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New evolutionary lineages, unexpected diversity, and host speciWcity in the parabasalid genus Tetratrichomonas

We studied morphological and molecular polymorphism of 53 Tetratrichomonas isolates obtained from amphibian, reptilian, mamma- lian hosts, and from a slug with the aid of protargol staining and analyses of ITS1-5.8S rRNA-ITS2, SSU rRNA, and -tubulin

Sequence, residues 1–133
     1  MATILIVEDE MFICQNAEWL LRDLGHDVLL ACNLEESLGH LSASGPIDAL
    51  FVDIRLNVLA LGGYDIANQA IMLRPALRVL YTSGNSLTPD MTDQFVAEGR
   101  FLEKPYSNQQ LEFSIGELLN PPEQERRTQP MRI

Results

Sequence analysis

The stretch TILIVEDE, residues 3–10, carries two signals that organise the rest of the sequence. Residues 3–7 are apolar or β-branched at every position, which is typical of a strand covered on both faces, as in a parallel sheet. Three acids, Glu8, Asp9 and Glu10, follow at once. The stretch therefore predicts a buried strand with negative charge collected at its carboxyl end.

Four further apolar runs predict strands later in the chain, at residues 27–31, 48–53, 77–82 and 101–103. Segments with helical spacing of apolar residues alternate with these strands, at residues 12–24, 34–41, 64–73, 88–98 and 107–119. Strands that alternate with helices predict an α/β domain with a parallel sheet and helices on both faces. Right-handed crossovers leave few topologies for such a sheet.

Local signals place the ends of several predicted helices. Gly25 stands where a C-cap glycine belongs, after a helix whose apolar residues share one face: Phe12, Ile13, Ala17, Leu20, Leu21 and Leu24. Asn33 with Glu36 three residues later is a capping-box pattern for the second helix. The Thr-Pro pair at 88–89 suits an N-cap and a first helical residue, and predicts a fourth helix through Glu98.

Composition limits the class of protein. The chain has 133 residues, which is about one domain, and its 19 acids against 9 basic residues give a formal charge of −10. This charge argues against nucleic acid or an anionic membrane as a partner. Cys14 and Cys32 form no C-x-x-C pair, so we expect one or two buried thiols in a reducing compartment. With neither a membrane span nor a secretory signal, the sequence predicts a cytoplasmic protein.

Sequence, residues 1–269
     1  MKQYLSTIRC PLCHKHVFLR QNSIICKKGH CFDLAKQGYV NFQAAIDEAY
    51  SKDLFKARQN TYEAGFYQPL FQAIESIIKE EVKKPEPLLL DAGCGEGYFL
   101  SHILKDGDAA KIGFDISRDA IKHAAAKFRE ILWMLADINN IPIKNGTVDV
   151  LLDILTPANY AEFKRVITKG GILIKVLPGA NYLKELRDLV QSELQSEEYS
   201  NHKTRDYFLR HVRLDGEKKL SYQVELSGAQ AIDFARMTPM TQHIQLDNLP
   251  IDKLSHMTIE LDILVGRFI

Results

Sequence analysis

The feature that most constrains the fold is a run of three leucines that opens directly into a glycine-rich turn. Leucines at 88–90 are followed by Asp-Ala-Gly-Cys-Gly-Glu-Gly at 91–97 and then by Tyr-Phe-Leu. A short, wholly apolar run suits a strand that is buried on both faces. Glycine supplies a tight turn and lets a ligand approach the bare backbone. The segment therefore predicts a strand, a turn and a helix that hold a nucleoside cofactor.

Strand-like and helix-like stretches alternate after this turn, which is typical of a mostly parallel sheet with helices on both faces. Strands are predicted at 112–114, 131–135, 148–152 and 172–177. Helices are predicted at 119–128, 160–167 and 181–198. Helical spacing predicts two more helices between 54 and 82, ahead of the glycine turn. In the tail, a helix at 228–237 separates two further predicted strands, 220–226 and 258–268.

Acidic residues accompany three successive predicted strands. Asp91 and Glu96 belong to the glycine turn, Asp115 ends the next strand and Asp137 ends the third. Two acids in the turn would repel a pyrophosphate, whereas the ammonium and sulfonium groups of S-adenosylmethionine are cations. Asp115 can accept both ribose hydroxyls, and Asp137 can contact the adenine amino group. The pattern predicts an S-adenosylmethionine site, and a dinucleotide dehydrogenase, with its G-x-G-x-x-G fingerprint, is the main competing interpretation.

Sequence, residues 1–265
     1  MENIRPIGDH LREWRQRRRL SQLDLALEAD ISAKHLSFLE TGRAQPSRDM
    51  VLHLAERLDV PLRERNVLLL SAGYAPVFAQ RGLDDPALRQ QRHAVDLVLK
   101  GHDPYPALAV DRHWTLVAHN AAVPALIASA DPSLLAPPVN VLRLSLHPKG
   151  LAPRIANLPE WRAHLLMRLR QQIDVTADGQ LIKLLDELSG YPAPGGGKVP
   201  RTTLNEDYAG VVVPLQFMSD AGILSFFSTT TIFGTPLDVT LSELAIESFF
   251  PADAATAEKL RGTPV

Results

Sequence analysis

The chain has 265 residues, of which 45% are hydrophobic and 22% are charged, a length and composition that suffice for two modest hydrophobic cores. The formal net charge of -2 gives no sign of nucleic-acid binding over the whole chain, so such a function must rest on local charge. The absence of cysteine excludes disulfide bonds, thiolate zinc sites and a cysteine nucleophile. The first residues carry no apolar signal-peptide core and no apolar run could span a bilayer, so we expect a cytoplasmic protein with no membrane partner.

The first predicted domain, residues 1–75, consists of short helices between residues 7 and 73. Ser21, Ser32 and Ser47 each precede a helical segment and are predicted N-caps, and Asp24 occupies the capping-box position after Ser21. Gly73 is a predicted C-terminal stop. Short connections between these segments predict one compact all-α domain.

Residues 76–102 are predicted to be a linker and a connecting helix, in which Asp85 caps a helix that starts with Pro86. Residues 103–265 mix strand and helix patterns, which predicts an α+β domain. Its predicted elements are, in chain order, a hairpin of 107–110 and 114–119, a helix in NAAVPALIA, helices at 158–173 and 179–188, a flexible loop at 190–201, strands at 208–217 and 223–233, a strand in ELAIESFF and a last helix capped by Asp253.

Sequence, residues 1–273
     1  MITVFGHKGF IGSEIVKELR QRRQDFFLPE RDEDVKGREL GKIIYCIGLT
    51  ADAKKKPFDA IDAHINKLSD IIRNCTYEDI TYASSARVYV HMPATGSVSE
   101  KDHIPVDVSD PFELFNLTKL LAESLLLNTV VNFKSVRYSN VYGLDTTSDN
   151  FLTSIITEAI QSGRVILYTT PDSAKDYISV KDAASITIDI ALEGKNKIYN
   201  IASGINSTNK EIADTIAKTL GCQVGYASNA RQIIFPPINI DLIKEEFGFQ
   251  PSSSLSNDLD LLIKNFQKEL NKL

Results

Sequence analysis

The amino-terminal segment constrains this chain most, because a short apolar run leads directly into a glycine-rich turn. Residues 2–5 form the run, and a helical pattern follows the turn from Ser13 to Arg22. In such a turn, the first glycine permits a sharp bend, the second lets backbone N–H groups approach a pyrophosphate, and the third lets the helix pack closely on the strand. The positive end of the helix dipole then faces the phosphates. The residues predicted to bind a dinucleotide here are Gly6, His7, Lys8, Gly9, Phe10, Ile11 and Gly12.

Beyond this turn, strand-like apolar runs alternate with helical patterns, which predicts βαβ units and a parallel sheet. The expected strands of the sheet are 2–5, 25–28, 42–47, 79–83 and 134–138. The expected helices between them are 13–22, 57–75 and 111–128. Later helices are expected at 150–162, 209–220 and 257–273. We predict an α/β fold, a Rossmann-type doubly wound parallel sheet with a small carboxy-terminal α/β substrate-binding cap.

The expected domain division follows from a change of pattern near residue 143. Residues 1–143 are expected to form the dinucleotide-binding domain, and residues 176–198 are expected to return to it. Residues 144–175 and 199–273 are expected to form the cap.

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  Molecular Phylogenetics and Evolution 39 (2006) 542–551www.elsevier.com/locate/ympev1055-7903/$ - see front matter ©  2006 Elsevier Inc. All rights reserved. doi:10.1016/j.ympev.2006.01.005 New evolutionary lineages, unexpected diversity, and host speci W city in the parabasalid genus Tetratrichomonas Ivan Cepicka ¤ , Vladimír Hampl, Jaroslav Kulda, Jaroslav Flegr Department of Parasitology, Faculty of Science, Charles University, Prague, Czech Republic Received 8 September 2005; revised 12 December 2005; accepted 5 January 2006Available online 10 February 2006 Abstract We studied morphological and molecular polymorphism of 53 Tetratrichomonas  isolates obtained from amphibian, reptilian, mamma-lian hosts, and from a slug with the aid of protargol staining and analyses of ITS1-5.8S rRNA-ITS2, SSU rRNA, and  -tubulin genesequences. The phylogenetic tree based on the concatenate of all sequences showed the monophyly of the genus Tetratrichomonas  withrespect to the genus Trichomonas . Our data suggest that two parabasalid genera, Pentatrichomonoides  and Trichomonoides , may belong tothe genus Tetratrichomonas . Tetratrichomonas  isolates were divided into 16 robust host-speci W c and monophyletic groups that probablyrepresent separate, mostly new, species. As only W ve Tetratrichomonas  species were described from the examined host taxa so far, ourstudy uncovered considerable species diversity within the genus. The wide host range, high level of species-speci W c host speci W city, andnewly revealed biodiversity make the genus Tetratrichomonas  a valuable model for studying evolution of parasites. ©  2006 Elsevier Inc. All rights reserved. Keywords: Parabasala; Tetratrichomonas ; SSU rRNA; ITS; 5.8S rRNA;  -Tubulin; Phylogeny; Host speci W city; Molecular polymorphism 1. Introduction The genus Tetratrichomonas  is thought to containapproximately 10 valid species and is probably the largestgenus among 12 described parabasalid genera parasitizingvertebrates. Tetratrichomonad species can be found mostlyin the lower intestine of a broad spectrum of animalsincluding leeches, mollusks, bone W sh, and all classes of tet-rapods. Little is known about the host speci W city of tetrat-richomonads and parabasalids in general. It is expectedthat some tetratrichomonad species can infect a wide rangeof unrelated host taxa, such as birds and humans in case of  T. gallinarum  (Cepicka etal., 2005; Kutisova etal., 2005;McDowell, 1953), and amphibians and reptiles in case of  T.prowazeki   (Honigberg, 1951), while others are restrictedto a single host taxon, e.g., T. microti   from rodents (Wen-rich and Saxe, 1950), T. limacis  from slugs (Kozlo V  , 1945;Salleudin, 1972), T. brumpti   from tortoises (Honigberg,1951), T. didelphidis  from marsupials (Andersen and Reilly,1965; Tasca etal., 2001), T. buttreyi   from even-toed ungu-lates (Hibler etal., 1960; Jensen and Hammond, 1964), and T. ovis  from sheep (Andersen and Levine, 1962). Tetratric-homonads found in W sh and leeches (Alexeie V  , 1910, 1911)are probably not conspeci W c with T. prowazeki   (Brugerolle,1976).The genus Tetratrichomonas  can easily be recognized asit possesses four anterior X agella, a long posterior X agellumwith a free distal end and a typically discoid parabasalbody, i.e., the golgi complex with adjacent striated W brils(Brugerolle, 1976; Honigberg, 1963). It closely resemblesthe genera Trichomonas , Pentatrichomonas , Pentatricho-monoides , Trichomitopsis , Pseudotrypanosoma , and Cochlo-soma  in ultrastructure of the karyomastigont, speci W callyby the type of costal W bre and undulating membrane(Brugerolle, 1976; Salleudin, 1972). The close relationshipamong the seven genera was con W rmed also by molecularphylogenetics and together they constitute the familyTrichomonadidae (Hampl etal., 2006). Recently, * Corresponding author. Fax: +420 224919704. E-mail address:  ivan.cepicka@centrum.cz (I. Cepicka).  I. Cepicka et al. / Molecular Phylogenetics and Evolution 39 (2006) 542–551 543 Brugerolle and Bordereau (2004) have established thegenus Trichomonoides , which also belongs to the familyTrichomonadidae.In the present paper, we analyzed molecular and mor-phological polymorphism among 53 Tetratrichomonas  iso-lates obtained from various hosts on the basis of sequencesof the ITS1-5.8S rRNA-ITS2 region and SSU rRNA gene.We also examined the holophyly of the genus Tetratricho-monas  using both separate and concatenated sequences of the ITS1-5.8S rRNA-ITS2 region, SSU rRNA gene, and  -tubulin gene. The present study represents the W rstattempt to investigate the intrageneric molecular polymor-phism of parabasalid X agellates, and the W rst attempt toconcatenate several gene sequences to obtain a better sup-ported topology of the parabasalian tree. It also combinesmolecular phylogenetics with biological and morphologicalapproaches. 2. Materials and methods  2.1. Organisms and culture conditions Information on the srcin of isolates included in thestudy is summarized in Table 1. The isolates, except for SL(Cepicka etal., 2005), PH-KT (Delgado-Viscogliosi etal., 2000), R114 (Tachezy etal., 2002), and 4190 (ATCC Num- ber 50597), were isolated between 1999 and 2004 from fae-ces or the cecum of mammals, turtles, amphibians, andfrom hepatopancreases of slugs. The hosts had been keptby private keepers, in zoological gardens, or were capturedfrom wild. The reptiles imported into the Czech Republicwere examined immediately after arrival. Flagellates wereisolated in Dobell and Leidlaw’s biphasic medium (Dobelland Leidlaw, 1926) or in modi W ed TYSGM medium (Dia-mond, 1982), without mucin and supplemented with ricestarch, and maintained in xenic culture. Isolates from mam-mals were cultured at 37°C and were subcultured every sec-ond or third day; isolates from cold-blooded hosts werecultured at 26°C and were subcultured every fourth or W fthday. Isolates LMC and KR-PO2 were probably uncultiva-ble in the long term as the trichomonads failed to growafter the tenth passage. Tritrichomonas muris  isolateMURIS1 was not cultured and DNA was isolated directlyfrom ceacum of a yellow-necked mouse ( Apodemus  X  avicollis ).  2.2. DNA ampli   W cation, cloning, and sequencing  Genomic DNA was isolated using High pure PCRtemplate preparation kit (Roche). Usually, the wholeregion of 16S rRNA, 5.8S rRNA, ITS1, and ITS2 wasampli W ed with primers 16Sl (TACTTGGTTGATCCTGCC) and ITSF (TTCAGTTCAGCGGGTCTTCC). TheITS1-5.8S rRNA-ITS2 region of isolates IVB, ANOA,GECA5, INDO, KINIX, and GERA3 was ampli W edusing primers ITSF and ITSR (GTAGGTGAACCTGCCGTTGG) that are similar to the primers TFR1 andTFR2 designed by Felleisen (1997). An approximately1600bp fragment of the SSU rRNA gene of isolatesLMC, SLON, and ZUBR was ampli W ed using primers16Sl and 16Sr (TGATCCTTCTGCAGGTTCACC). Aninternal 1130bp fragment of the  -tubulin gene wasampli W ed using nested PCR. The primary PCR was con-ducted using primers AtubA (RGTNGGNAAYGCNTGYTGGGA) and AtubB (CCATNCCYTCNCCNACRTACCA) according to Edgcomb etal. (2001). The sec-ondary PCR was conducted using primers  -tubF1(TAYTGYYWNGARCAYGGNAT) and  -tubR1 (ACRAANGCNCGYTTNGMRWACAT), similar to theprimers used by Moriya etal. (2001).PCR products were either directly sequenced or weresubcloned into the pGEM-T EASY vector using thepGEM-T EASY VECTOR SYSTEM I (Promega) and atleast two clones obtained from two independent PCR weresequenced. The external primers used for direct sequencingfrom PCR product were ITSF, ITSR, 16Sl, 16Sr,  -tubF1,and  -tubF2. The external primers used for sequencingfrom vector were primers SP6 (ATTTAGGTGACACTATA) and T7 (TAATACGACTCACTATA). The primersused for sequencing of internal regions of the SSU rRNAgene were 514F (GTGCCAGCMGCCGCGG), 1055F(GGTGGTGCATGGCCG), 1385R (GATCCTAACATTGTAGC), 1055R (CGGCCATGCACCACC), 665R(ATACWCTAAGCGTCCTG), and 295R (AGTCCGACGGTAACCGC). The primers used for sequencing of internal regions of the  -tubulin gene were TRICHTUBF1(CTCMTTCGGTGGTGG) and TRICHTUBR1 (KGGGAAGTGGATACG). All genes were sequenced bidirec-tionally. Sequence data reported in this paper are availablein GenBank under accession numbers AY886770– AY886886.  2.3. Phylogenetic analyses Five data sets containing sequences of ITS1-5.8SrRNA-ITS2 region (two data sets), SSU rRNA,  -tubu-lin, and the concatenate of the three loci were con-structed. Sequences from each locus were aligned usingClustalX 1.81 (Thompson etal., 1997) and alignmentswere manually edited using the BioEdit sequence editor(Hall, 1999). The concatenated data set was created man-ually. Alignments are available from the correspondingauthor upon request. Phylogenetic trees were constructedusing Fitch–Margoliash with LogDet distances, maxi-mum parsimony, maximum likelihood, and Bayesianmethods. Distance and maximum parsimony trees wereconstructed in PAUP ¤  4.0b10 (Swo V  ord, 2002) by 10 rep-licates of heuristic search. The starting tree was obtainedby the stepwise addition procedure with a random orderof taxa addition and swapped using the tree bisection– reconnection algorithm. The constant positions wereexcluded before performing the distance analysis. If twoor more sequences were identical at parsimony informa-tive positions, only one of them was retained in the  544 I. Cepicka et al. / Molecular Phylogenetics and Evolution 39 (2006) 542–551 ae List of trichomonad strains included in the studyIsolateHostGenBank accession numbers b Tetratrichomonas isolate from invertebrates LMC a Limax maximux AY886801–2, AY886872 Tetratrichomonas isolates from amphibians BOMB3 a Bombina bombina AY886821, AY886855COL Pleurodeles waltl  AY886824, AY886858 Tetratrichomonas isolate from lizards SL a Anguis fragilis AY886881–4 Tetratrichomonas isolates from turtles GECA1 a Geochelone carbonaria AY886826, AY886860GECA5 a Geochelone carbonaria AY886778–9, AY886849, AY886850GEEL1 Geochelone elegans AY886827, AY886861GEGI1 Geochelone gigantea AY886828GEPA1 Geochelone pardalis pardalis AY886828GEPA2 a Geochelone pardalis pardalis AY886828GERA1 a Geochelone radiata AY886826, AY886860GERA2 a Geochelone radiata AY886828, AY886860GERA3 Geochelone radiata AY886780–1, AY886861CHERS1 Chersina angulata AY886828CHERS3 Chersina angulata AY886828INDO a Indotestudo elongata AY886782–5KAJ Macroclemys temminckii  AY886873–5KINIX a Kinixys belliana nogueyi  AY886790–4, AY886853KINIX2 a Kinixys belliana nogueyi  AY886795–6KOD37 Geochelone pardalis AY886828, AY886860MALAC1 Malacochersus tornieri  AY886828PYX Pyxidea mouhotii  AY886824, AY886858TEHE2 a Testudo hermanni  AY886808–9, AY886870TENE2M Testudo marginata AY886839, AY886870TERA1 Testudo marginata AY886810–3, AY886870TEST Testudo graeca AY886814–6, AY886870THR3 Testudo hors  W eldii  AY886840ZS Geochelone nigra AY886817–9, AY886820, AY886861 Tetratrichomonas isolates from mammals ANOA Bubalus depressicornis AY886770–3, AY886847–8BON6 Bos taurus AY886822, AY886856BUVK Syncerus ca  V  er ca  V  er AY886823, AY886857BUVP Syncerus ca  V  er nanus AY886774–7EQU2 Equus caballus AY886825, AY886859IVB Bison bison AY886786–9, AY886851–2, AY886862KR-PO2 Bos taurus AY886797–8, AY886863KR-PO3 Bos taurus AY886799, AY886800, AY886854MANG Sus scrofa  f. domestica AY886829, AY886868PB Phacochoerus aethiopicus AY886803–4, AY886864PD22M a Sus scrofa AY886830, AY886865, AY886876–8PDOU3 Sus scrofa  f. domestica AY886832PDOU4 Sus scrofa  f. domestica AY886833PDOU7 Sus scrofa  f. domestica AY886834PDOU8 Sus scrofa  f. domestica AY886833, AY886867PDOU9 Sus scrofa  f. domestica AY886835PDOU10 Sus scrofa  f. domestica AY886831, AY886867PDOU11 Sus scrofa  f. domestica AY886829PDOU12 Sus scrofa  f. domestica AY886805–6, AY886866PDOZ1 Sus scrofa  f. domestica AY886807PEKB Tayassu pecari  AY886829, AY886868PEKPR Pecari tajacu AY886836, AY886866PVIET Sus scrofa  f. domestica AY886837, AY886869SLON Loxodonta africana AY886838, AY886861ZUBR Bison bonasus AY886841, AY886871, AY886885–6 Tritrichomonas isolatesT. muris  MURIS1 a Apodemus  X  avicollis AY886843–4, AY886846 T. mobilensis  TANA Tupaia belangeri  AY886842  I. Cepicka et al. / Molecular Phylogenetics and Evolution 39 (2006) 542–551 545 maximum parsimony analysis to save the computingtime. Maximum parsimony and distance trees were boot-strapped with 1000 replicates. Maximum likelihood treeswere constructed in the program Phyml (Guindon andGascuel, 2003). The models of nucleotide substitution formaximum likelihood analyses were chosen by hierarchi-cal nested likelihood ratio tests implemented in Model-test 3.06 (Posada and Crandall, 1998). Bootstrapping wasperformed with 100 replicates. Bayesian analyses wereperformed using the program MrBayes 3.0 (Huelsenbeckand Ronquist, 2001). Base frequencies, rates for six di V  er-ent types of substitution, proportion of invariant sites,and shape parameter of the   correction for the rate het-erogeneity with four discrete categories were allowed tovary. Covarion model was used to allow the rate hetero-geneity along the tree. The number of generations of Markov chain Monte Carlo depended on particular dataset and varied between 1 £ 10 6  and 6.5 £ 10 6  and the treeswere sampled every 100th generation. The burn-in wasdetermined from the MS Excel plot of tree log likeli-hoods against generations. Trees from generations beforethe plot reached plateau were discarded as burn-in (usu-ally 2,00,000 trees but 28,00,000 trees in case of the  -tubulin gene). Because the polymorphism of aminoacids in the  -tubulin sequence was very low,  -tubulinsequences were analyzed at the nucleotide level. InPAUP ¤ , the sequences were designated as coding in theCODONS block and codon model was used in MrBayesanalysis. The concatenate was analyzed analogously tothe single-locus data sets in PAUP ¤  and Phyml. In MrBa-yes, gene speci W c models with independent parameterswere set for each partition.The statistical signi W cance of Tetratrichomonas  para-phyly was tested by approximately unbiased (AU) test inprogram Consel 0.1i (Shimodaira and Hasegawa, 2001). Inthese tests, the overall best tree with was compared with thebest trees found under the constraint of Tetratrichomonas monophyly. The tree search as well as computation of sitelikelihoods was performed in PAUP.  2.4. Light microscopy Moist W lms spread on coverslips were prepared from pel-lets of trichomonads obtained from cultures by centrifuga-tion at 600  g   for 10min. The W lms were W xed in Bouin– Hollande’s X uid for 20h and stained with 1% protargol(Bayer, Germany) following the Nie’s (1950) protocol. 3. Results 3.1. Phylogenetic analyses A maximum likelihood tree based on the W rst data setcontaining ITS1-5.8S rRNA-ITS2 sequences of the genus Tetratrichomonas  and various other trichomonads isgiven in Fig.1A. The family Trichomonadidae (genera Tetratrichomonas , Trichomonas , and Pentatrichomonas )formed a robust clade. The genus Tetratrichomonas appeared to be paraphyletic, with genera Trichomonas and in some analyses also Pentatrichomonas  forming itsinner branches. However, the crucial nodes were little sta-tistically supported, and the monophyly could not be sig-ni W cantly excluded by approximately unbiased (AU) test(  p D 0.456). Strains of the genus Tetratrichomonas  formed16 well-supported lineages with a high level of host speci- W city. The lineages formed two large monophyleticgroups. The W rst one, here called the group A, was formedby lineages 1–10 (strains isolated mainly from ruminantsand testudinids) and had a moderate statistical support.Lineages 11–16 formed the second group of the genus Tetratrichomonas  (group B), though with a weak support.Based on uncorrected p distance, the sequentially mostsimilar were lineages 9 and 10 (0.061), and 4 and 5 (0.066).The most divergent tetratrichomonad isolates were SLfrom lineage 12 and ANOA from lineage 2 (0.278). Theinterspeci W c distance between three Trichomonas  specieswas in the range of 0.056–0.081; the interspeci W c distanceamong W ve Tritrichomonas  species ranged between 0.061and 0.136.The interrelationships among lineages 1–10 (the groupA) were determined in a separate analysis (Fig.1B). Thisallowed us to include into the analysis highly variable posi-tions that could not be properly aligned in the broad dataset. Following results of the broader analysis, the tree wasarti W cially rooted with representatives of the lineage 1.Lineages 2 and 3 created two branches basal to a cluster of lineages 4–10.The tree based on SSU rRNA gene sequences is shownin the Fig.2. The six genera of the family Trichomonadi-dae formed a well-supported clade. As in the previousanalysis, the genus Tetratrichomonas  was paraphyletic.Genera Trichomonas , Trichomonoides , and in some analy-ses also Pentatrichomonoides  formed its inner separatebranches. The crucial nodes were again poorly supportedbut this time the Tetratrichomonas  monophyly was ae ( continue ) a Isolates obtained from wild animals. b Where more isolates had identical sequences, just one of them was submitted to GenBank.IsolateHostGenBank accession numbers b T. mobilensis  4190 (ATCC 40597) Saimiri sciureus AY886842 T. nonconforma  R114 Anolis bartschi  AY886845 Pentatrichomonas hominis isolate PH-KT Homo sapiens AY886879, AY886880  546 I. Cepicka et al. / Molecular Phylogenetics and Evolution 39 (2006) 542–551 rejected by AU test (  p D 0.02). The above described 16 lin-eages of the genus Tetratrichomonas  were recovered, buttheir interrelationship was, for the most part, poorly sup-ported. One well-supported branch was in con X ict withthe result of the ITS1-5.8S rRNA-ITS2 analysis—thecommon branch of lineages 1, 2, and 9. This grouping,however, may be an artifact caused by the long branch of lineage 9. Group A was well supported and, moreover, allsequences in this group contained two common insertionsapproximately 15 and 20 nucleotides long. Sequences of lineages 11–16 created a paraphyletic group; however, aspeci W c insertion of 10 nucleotides was present insequences of these lineages. The shortest distance wasbetween lineages 6 and 7 (0.006), and 4 and 5 (0.01). Thelargest distance was between isolates KAJ from thelineage 16, and clones 2–10 of the isolate IVB from thelineage 1 (0.053). The distance between Trichomonas vagi-nalis  and T. tenax  was 0.021. The distances between four Tritrichomonas  species were in range 0.015–0.048.The genus Tetratrichomonas  was monophyletic and sis-ter to the genus Trichomonas  in the  -tubulin tree (Fig.3)in tree reconstructions based on all methods used exceptBayesian method. In the Bayesian analysis, the genus Tet-ratrichomonas  was paraphyletic having the genus Tricho-monas  as an inner branch sister to the lineage 15, thus atthe di V  erent position than in ITS1-5.8S rRNA-ITS2 andSSU rRNA trees. The genus Pentatrichomonas  appearedwith a relatively high support at the base of Parabasalacausing Trichomonadidae to be polyphyletic. Also thepositions of Trichonympha agilis  and Hypotrichomonas Fig.1. (A) Phylogenetic tree of trichomonads based on the ITS1-5.8S rRNA-ITS2 region sequence. The tree was constructed by the ML method usingGTR+   model of substitution and was rooted with Trichomitus batrachorum . Bootstrap values from distance, maximum parsimony, maximum likeli-hood analyses, and Bayesian posterior probabilities, respectively, are shown at the nodes. Asterisks indicate nodes with bootstrap values below 50% orwith a di V  erent topology. The scale bar indicates the branch lengths corresponding to 10% of sites that underwent substitution event. The branch of thefamily Trichomonadidae (solid line) has a di V  erent scale (50% reduced). Newly determined sequences are in bold. (B) Phylogenetic tree of the Tetratricho-monas  group A based on the ITS1-5.8S rRNA-ITS2 region sequence. The tree was constructed by the ML method using F81+   model of substitutionand was rooted with representatives of the lineage 1. Bootstrap values from distance, maximum parsimony, maximum likelihood analyses, and Bayesianposterior probabilities, respectively, are shown at the nodes. Asterisks indicate nodes with bootstrap values below 50% or with a di V  erent topology. Thecolours indicate srcin of isolates: green, bovids (Bovinae); blue, pigs and peccaries (Suoidea); red, tortoises (Testudinidae); yellow, African elephant( Loxodonta africana ); gray, horse ( Equus caballus ).